probably will be time-consuming, but at least then you'll solve the
actual problem.

FYI, my setup - not Thunderbird - has nearly a million articles, but
only some 600 files.


Yes, that is exactly the problem, I was getting at. Does Thunderbird
have a new news file format available? My assumption was that
Thunderbird only does 1 file/message? What's the option to convert?


It's not a new News file format, it's a different format.

You set the format in the News account: Tools - Account settings -
your news account in the left pane - 'Server Settings' page -
Message Storage - Message Store Type:. This field *should* be set to
'File per folder (mbox)'. Yours is probably set to 'File per message
(maildir)'.

For your account - i.e. an *existing* account - you probably cannot
change this setting, i.e. you can only set it when you create the
account. Hence my comment about exporting and (re-)importing. If you
cannot change the setting, you will have to export all the articles from
your current account and then re-import all articles into a new account
with 'Message Store Type: File per folder (mbox)'.

The basic Thunderbird program has no export facility and only very
limited import functionality.

For import of e-mail (from Windows Mail), I have used the Thunderbird
ImportExportTools [1] Extension, but I have not used it for News and not
for export.

ImportExportTools can export on a per-folder basis, so you could try
to export just one folder/newsgroup and then import it into a new
account to see if it works for News. Exporting is a copy-type operation,
i.e. the source remains untouched, and if you import to a *new* account,
the old account remains untouched. IOW, it's a totally safe operation.

If ImportExportTools can not solve your problem, you'll probably have
to search the Thunderbird support site(s)/forum(s) or/and post there.

[1]
https://addons.thunderbird.net/en-GB/thunderbird/addon/importexporttools/?src=userprofile
  #26  
Old April 28th 20, 08:14 PM posted to alt.comp.os.windows-10,comp.sys.ibm.pc.hardware.storage
Paul[_28_]
external usenet poster
 
Posts: 1,467
Default Why is this folder so slow?

Frank Slootweg wrote:
Yousuf Khan wrote:
On 4/27/2020 12:04 PM, Frank Slootweg wrote:
If there are 580,000 files in the News folder, then you've probably
configured your Thunderbird News account(s) to use one file for each
article instead of one file for each newsgroup.

If so, it's probably best to bite the bullet and convert to one file
per newsgroup. That probably needs an export and (re-)import and
probably will be time-consuming, but at least then you'll solve the
actual problem.

FYI, my setup - not Thunderbird - has nearly a million articles, but
only some 600 files.

Yes, that is exactly the problem, I was getting at. Does Thunderbird
have a new news file format available? My assumption was that
Thunderbird only does 1 file/message? What's the option to convert?


It's not a new News file format, it's a different format.

You set the format in the News account: Tools - Account settings -
your news account in the left pane - 'Server Settings' page -
Message Storage - Message Store Type:. This field *should* be set to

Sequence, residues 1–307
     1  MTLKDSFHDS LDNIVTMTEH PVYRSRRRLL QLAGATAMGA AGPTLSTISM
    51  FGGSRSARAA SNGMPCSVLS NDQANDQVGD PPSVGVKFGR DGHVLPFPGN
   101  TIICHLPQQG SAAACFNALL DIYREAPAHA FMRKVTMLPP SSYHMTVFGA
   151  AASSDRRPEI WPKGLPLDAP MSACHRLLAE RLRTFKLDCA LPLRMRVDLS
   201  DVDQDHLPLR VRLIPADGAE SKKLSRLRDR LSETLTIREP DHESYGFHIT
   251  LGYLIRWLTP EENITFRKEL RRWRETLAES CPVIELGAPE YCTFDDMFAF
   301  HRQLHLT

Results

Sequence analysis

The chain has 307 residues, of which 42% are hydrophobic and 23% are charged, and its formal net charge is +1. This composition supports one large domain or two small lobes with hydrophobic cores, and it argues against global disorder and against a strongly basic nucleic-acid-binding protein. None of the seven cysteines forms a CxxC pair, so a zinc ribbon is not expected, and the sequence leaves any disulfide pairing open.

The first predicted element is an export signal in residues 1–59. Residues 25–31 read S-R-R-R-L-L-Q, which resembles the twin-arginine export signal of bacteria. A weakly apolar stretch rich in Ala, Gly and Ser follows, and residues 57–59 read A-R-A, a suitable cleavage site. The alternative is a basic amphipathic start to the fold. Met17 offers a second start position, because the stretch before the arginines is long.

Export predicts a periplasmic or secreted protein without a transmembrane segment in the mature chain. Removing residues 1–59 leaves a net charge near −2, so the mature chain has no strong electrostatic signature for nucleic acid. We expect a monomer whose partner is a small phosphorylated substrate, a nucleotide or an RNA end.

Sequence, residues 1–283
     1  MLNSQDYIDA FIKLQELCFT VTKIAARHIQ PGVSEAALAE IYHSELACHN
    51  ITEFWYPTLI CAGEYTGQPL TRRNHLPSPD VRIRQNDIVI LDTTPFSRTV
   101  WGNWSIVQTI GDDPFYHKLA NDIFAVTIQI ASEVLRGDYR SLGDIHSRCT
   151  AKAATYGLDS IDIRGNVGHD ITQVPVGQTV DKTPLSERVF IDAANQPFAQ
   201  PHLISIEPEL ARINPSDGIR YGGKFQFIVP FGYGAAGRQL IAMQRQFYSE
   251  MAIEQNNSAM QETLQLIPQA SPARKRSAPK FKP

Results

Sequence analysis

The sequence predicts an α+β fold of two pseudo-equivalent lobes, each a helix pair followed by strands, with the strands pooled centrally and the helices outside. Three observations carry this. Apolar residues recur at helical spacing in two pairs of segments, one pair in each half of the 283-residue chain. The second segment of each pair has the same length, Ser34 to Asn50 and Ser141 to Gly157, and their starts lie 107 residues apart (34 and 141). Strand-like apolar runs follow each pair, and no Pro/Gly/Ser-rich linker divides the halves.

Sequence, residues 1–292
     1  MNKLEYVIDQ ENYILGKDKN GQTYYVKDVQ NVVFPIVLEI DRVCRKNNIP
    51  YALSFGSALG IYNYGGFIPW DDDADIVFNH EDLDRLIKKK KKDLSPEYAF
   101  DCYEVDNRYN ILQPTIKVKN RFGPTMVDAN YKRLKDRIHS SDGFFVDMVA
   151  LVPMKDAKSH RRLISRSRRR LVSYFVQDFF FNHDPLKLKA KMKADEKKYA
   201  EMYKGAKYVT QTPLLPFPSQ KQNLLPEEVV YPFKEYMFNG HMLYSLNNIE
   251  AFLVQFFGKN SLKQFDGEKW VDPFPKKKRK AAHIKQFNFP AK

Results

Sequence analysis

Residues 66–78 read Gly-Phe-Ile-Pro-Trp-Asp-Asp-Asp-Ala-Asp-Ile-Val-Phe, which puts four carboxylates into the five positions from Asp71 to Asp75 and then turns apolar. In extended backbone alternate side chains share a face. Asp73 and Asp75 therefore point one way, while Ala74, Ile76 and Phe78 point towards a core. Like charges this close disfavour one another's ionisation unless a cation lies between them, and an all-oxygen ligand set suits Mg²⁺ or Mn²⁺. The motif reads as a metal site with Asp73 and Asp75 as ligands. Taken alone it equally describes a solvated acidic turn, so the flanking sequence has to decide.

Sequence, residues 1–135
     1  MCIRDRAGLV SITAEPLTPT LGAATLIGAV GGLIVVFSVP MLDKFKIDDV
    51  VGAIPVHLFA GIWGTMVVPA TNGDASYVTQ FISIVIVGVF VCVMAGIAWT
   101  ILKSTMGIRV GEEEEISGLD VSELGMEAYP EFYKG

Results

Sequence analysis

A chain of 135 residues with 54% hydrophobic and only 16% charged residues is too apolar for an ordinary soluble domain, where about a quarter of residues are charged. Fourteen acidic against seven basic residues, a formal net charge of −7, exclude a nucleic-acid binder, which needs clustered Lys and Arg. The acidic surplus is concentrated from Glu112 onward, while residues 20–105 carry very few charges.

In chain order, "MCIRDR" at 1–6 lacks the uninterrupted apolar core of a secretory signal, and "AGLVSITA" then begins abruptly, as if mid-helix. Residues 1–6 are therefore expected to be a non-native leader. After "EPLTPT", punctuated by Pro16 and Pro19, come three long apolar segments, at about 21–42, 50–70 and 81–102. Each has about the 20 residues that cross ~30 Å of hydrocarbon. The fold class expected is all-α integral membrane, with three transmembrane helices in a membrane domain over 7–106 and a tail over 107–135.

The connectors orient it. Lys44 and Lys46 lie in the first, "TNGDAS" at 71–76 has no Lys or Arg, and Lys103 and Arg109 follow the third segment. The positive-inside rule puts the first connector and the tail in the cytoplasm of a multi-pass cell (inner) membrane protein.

'File per folder (mbox)'. Yours is probably set to 'File per message
(maildir)'.

For your account - i.e. an *existing* account - you probably cannot
change this setting, i.e. you can only set it when you create the
account. Hence my comment about exporting and (re-)importing. If you
cannot change the setting, you will have to export all the articles from
your current account and then re-import all articles into a new account
with 'Message Store Type: File per folder (mbox)'.

The basic Thunderbird program has no export facility and only very
limited import functionality.

For import of e-mail (from Windows Mail), I have used the Thunderbird
ImportExportTools [1] Extension, but I have not used it for News and not
for export.

ImportExportTools can export on a per-folder basis, so you could try
to export just one folder/newsgroup and then import it into a new
account to see if it works for News. Exporting is a copy-type operation,
i.e. the source remains untouched, and if you import to a *new* account,
the old account remains untouched. IOW, it's a totally safe operation.

If ImportExportTools can not solve your problem, you'll probably have
to search the Thunderbird support site(s)/forum(s) or/and post there.

[1]
https://addons.thunderbird.net/en-GB/thunderbird/addon/importexporttools/?src=userprofile


The one I was looking at the other day, said that it didn't
handle stuff in the News folder specifically.

As for the availability of the MailboxStore option in the
Server settings, the claim is that you must use this
immediately when the installation of Thunderbird is
brand new. In my experiments yesterday, I tried to "clean out"
my profile, and tried not to leave any .msf files, then
set the prefs.js with the maildirstore preference, and
that *still* wasn't enough to make it work. I'm going
to have to nuke the damn thing and start from scratch,
to see if I can get it to work.

One other weirdness from yesterdays experiment, is after
I was finished with my failed experiment, I took the ZIP
file holding my unbroken profile, and started to restore
it to my SSD drive. I was greeted by write rates of arounf
2MB/sec on my SSD. It took forever to restore the fleet
of .msf (file per box) style files. And when I opened
Task Manager, MsMpEng was railed on one core, scanning
everything being written into the profile area. I've done
plenty of other stuff on the computer, where it doesn't
do that with quite the same level of venom. (If I unpack
an .ova on a scratch drive, it does that at several hundred
megabytes per second. As if MsMpEng didn't care.)

Paul
  #27  
Old April 28th 20, 10:08 PM posted to alt.comp.os.windows-10,comp.sys.ibm.pc.hardware.storage
Frank Slootweg
external usenet poster
 
Posts: 46
Default Why is this folder so slow?

Paul wrote:
[...]

As for the availability of the MailboxStore option in the
Server settings, the claim is that you must use this
immediately when the installation of Thunderbird is
brand new.


I think that's not correct. The *installation* doesn't have to be
brand new, the *account* in Thunderbird must be new, i.e. just created.

I added a new New account and could set 'Message Store Type:' to